This is not by any means an entirely positive development. Demagogues can quicker than ever whip up the sort of atmosphere that leads to marches like the one seen against BBC Scotland, orchestrated by Alex Salmond. Intimidation is still intimidation regardless of whether it's a self-styled anti-Westminster movement doing it or the government. The effect is the same. The rise in the number of those who are wilfully blind to "their" side's deficiencies, or alternatively spend much time rebutting that there is anything remiss at all is as worrying as it is discombobulating. The response it invites is not one of reconsideration on the part of the target, but of doubling down. Unless of course it's a broadcaster like the BBC, which is damned if it is and damned if it doesn't.
Nonetheless, it's easy to understand why this is happening now, particularly to members of the commentariat, when you read articles like yesterday's by Rafael Behr in the Graun. Superciliousness, complacency and snobbery drip from every paragraph. Behr sneers at amateurs, specifically Nigel Farage, who in Behr's view was seen off by Cameron in the same way as Miliband. Farage failed as "enough people recognised that the limit of his capabilities was channelling anger not crafting solutions". And it's true, in terms of actually winning his own parliamentary seat or UKIP making the same breakthrough as it did at the European elections a year earlier, Farage did fail.
Except on practically every other measure, far from being a failure Farage has succeeded beyond his wildest dreams. Behr is so set on making the point that it's professionals who play by the approved rules who win in the end that he refuses to see how Farage pulled the Tories and the political centre ground to the right. Without Farage, the wider UKIP threat and the constant need to appease his backbenchers as a result Cameron would not have been forced into promising a referendum on our membership of the EU, a referendum it is by no means certain the remain campaign can win. The debate on immigration has been made all the more toxic by UKIP's unanswerable point that we simply cannot control the numbers that come here from the EU, exacerbated further by the Tories' ridiculous decision not to drop their unachievable tens of thousands target. Moreover, as though it needs stating again, UKIP won 4 million votes at the general election, a remarkable performance that only didn't result in substantial representation in parliament because of the bankruptcy of our electoral system. Farage lost, and yet was victorious.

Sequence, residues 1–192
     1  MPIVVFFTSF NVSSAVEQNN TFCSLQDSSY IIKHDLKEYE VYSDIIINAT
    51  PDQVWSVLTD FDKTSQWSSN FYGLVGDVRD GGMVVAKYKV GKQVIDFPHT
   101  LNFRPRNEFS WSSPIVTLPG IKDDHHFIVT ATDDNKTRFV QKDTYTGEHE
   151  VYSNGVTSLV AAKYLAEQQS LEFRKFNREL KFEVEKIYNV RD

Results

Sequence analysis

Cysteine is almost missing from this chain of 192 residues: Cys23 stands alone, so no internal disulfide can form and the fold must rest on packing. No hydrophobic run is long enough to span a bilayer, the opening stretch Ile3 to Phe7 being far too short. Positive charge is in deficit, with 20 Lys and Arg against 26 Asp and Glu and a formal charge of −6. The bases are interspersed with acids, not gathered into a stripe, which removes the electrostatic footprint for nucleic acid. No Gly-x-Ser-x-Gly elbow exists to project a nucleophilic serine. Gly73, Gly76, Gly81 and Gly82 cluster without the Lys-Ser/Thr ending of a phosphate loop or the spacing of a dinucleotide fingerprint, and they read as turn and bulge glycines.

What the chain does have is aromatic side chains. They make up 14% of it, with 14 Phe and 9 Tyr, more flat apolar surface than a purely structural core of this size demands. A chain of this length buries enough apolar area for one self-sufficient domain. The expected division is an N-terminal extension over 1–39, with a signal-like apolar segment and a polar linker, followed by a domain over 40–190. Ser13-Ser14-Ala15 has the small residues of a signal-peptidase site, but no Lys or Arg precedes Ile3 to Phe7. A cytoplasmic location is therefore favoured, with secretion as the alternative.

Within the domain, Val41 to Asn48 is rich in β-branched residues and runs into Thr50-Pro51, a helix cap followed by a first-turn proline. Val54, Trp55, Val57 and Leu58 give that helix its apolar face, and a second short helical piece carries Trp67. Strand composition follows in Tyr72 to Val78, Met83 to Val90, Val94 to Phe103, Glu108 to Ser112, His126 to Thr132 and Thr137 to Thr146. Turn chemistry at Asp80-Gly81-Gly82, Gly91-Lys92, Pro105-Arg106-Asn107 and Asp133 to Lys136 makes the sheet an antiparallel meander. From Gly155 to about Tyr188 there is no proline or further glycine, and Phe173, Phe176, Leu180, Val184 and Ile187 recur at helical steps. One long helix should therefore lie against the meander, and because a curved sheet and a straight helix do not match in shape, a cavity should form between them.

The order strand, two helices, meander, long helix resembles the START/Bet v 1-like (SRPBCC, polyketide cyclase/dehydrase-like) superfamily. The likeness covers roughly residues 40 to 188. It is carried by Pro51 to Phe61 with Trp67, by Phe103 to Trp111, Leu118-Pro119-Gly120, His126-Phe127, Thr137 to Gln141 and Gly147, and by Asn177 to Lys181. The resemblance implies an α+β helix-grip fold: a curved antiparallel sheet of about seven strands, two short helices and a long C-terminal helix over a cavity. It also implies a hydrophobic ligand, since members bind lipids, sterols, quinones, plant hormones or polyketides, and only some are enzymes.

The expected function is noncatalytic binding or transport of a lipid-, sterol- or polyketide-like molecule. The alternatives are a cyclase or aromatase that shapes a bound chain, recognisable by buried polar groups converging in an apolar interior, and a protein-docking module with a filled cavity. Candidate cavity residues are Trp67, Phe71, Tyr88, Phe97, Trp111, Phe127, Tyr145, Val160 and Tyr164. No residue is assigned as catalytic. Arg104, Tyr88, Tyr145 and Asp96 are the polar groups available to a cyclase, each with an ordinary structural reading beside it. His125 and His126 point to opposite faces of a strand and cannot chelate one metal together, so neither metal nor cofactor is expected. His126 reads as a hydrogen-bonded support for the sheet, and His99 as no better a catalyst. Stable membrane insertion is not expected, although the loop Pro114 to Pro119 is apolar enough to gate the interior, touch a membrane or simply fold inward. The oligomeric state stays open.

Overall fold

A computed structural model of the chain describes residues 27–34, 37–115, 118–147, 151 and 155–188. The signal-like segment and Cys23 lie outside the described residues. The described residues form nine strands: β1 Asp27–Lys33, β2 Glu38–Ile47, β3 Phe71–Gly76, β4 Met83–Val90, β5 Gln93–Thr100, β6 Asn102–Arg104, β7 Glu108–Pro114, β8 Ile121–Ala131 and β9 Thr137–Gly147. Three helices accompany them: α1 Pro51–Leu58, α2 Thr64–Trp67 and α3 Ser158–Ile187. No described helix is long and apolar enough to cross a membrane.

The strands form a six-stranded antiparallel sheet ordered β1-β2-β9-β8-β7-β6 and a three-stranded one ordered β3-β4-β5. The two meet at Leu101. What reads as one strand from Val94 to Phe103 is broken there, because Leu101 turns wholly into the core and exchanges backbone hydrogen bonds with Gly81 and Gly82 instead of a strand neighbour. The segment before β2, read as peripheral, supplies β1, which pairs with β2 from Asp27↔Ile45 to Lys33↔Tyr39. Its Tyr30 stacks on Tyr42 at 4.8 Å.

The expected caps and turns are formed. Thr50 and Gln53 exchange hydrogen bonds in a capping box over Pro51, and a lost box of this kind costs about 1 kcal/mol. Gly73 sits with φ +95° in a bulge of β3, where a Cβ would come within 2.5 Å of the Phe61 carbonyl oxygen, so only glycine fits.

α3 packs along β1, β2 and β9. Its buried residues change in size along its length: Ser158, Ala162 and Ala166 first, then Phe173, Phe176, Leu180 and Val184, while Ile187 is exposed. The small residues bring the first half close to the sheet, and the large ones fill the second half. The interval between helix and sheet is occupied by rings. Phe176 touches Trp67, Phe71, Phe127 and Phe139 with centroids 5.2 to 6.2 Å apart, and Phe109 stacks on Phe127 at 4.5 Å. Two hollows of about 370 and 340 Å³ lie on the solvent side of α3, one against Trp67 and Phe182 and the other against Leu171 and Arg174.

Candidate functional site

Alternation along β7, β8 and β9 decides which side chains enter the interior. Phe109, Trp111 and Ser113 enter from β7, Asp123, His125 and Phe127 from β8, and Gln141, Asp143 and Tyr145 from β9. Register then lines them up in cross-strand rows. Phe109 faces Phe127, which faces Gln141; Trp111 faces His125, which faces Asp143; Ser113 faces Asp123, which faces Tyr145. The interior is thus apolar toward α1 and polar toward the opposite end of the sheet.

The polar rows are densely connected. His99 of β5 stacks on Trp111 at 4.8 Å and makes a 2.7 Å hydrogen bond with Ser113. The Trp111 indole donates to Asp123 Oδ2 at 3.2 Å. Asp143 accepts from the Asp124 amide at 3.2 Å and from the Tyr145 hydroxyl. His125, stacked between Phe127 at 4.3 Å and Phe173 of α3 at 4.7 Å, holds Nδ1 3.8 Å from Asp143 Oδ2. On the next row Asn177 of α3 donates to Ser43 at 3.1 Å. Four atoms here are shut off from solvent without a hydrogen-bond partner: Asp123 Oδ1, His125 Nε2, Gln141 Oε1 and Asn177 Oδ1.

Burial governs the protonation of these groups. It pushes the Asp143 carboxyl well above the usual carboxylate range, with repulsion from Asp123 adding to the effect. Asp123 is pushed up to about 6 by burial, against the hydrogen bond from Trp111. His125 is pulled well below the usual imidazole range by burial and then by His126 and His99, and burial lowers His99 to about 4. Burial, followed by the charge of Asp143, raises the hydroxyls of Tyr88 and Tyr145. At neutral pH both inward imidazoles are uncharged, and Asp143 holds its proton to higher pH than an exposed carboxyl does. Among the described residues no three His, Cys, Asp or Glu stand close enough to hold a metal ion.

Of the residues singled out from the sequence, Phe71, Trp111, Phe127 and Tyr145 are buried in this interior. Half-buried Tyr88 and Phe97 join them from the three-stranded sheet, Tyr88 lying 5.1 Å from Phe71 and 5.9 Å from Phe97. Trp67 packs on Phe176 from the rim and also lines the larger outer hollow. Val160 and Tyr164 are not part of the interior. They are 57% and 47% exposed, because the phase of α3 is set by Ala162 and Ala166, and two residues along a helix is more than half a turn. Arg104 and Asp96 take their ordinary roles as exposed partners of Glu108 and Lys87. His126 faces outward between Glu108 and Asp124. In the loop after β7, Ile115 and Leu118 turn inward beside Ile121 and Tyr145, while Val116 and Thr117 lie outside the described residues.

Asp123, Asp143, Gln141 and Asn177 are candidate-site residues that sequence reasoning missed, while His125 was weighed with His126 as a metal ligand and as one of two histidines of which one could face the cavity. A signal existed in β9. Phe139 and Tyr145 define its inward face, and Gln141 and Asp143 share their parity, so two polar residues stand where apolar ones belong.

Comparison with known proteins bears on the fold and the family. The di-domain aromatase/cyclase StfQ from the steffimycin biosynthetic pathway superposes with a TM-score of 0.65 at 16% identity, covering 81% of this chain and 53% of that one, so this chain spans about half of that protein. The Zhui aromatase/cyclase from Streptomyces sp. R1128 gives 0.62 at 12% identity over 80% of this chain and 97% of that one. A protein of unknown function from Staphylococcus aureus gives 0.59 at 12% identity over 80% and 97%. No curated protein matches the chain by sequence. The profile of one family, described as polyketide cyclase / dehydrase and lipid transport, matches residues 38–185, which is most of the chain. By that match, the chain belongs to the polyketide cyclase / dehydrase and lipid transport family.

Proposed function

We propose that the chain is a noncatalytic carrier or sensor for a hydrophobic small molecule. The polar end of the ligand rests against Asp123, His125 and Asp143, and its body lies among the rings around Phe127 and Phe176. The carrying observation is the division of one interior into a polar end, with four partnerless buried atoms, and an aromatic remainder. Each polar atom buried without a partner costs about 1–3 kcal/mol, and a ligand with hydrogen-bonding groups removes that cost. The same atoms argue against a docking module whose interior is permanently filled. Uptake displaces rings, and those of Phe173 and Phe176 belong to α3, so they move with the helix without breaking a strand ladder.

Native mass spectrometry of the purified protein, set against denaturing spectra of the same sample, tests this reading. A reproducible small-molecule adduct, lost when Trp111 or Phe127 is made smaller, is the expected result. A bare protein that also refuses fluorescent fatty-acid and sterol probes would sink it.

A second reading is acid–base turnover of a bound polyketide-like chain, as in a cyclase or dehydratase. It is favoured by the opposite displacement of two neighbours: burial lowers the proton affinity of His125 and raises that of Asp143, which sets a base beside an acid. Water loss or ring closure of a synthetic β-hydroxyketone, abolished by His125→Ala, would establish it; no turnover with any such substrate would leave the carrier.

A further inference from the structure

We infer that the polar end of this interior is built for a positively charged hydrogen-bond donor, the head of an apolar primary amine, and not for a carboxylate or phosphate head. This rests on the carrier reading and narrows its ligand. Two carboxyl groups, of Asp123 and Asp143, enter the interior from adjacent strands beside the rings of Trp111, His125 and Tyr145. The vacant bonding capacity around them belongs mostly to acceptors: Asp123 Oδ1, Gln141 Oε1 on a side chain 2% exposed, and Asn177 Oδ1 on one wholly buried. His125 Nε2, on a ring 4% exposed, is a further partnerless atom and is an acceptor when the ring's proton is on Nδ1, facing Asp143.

Rather than look at the two biggest shocks of this year, the Tories winning a majority and Jeremy Corbyn becoming Labour leader, neither of which almost any commentator predicted, and seeing if there isn't something they've missed, the response on the whole has been to carry on regardless. We're not wrong, it's politics at the moment that it is in flux, and very shortly the equilibrium will be restored. Perhaps it will. Alternatively, the changes that have been threatened since the crash coupled with the retreat into personal echo chambers on social media might have altered the landscape if not permanently, then for years to come. The best, like John Harris, at the same as noting that something new is happening are asking whether it can be sustained or if the approach taken by Corbyn and his supporters can truly work. As for the rest, if nothing else there will always be a need for someone to cheer on our current overlords.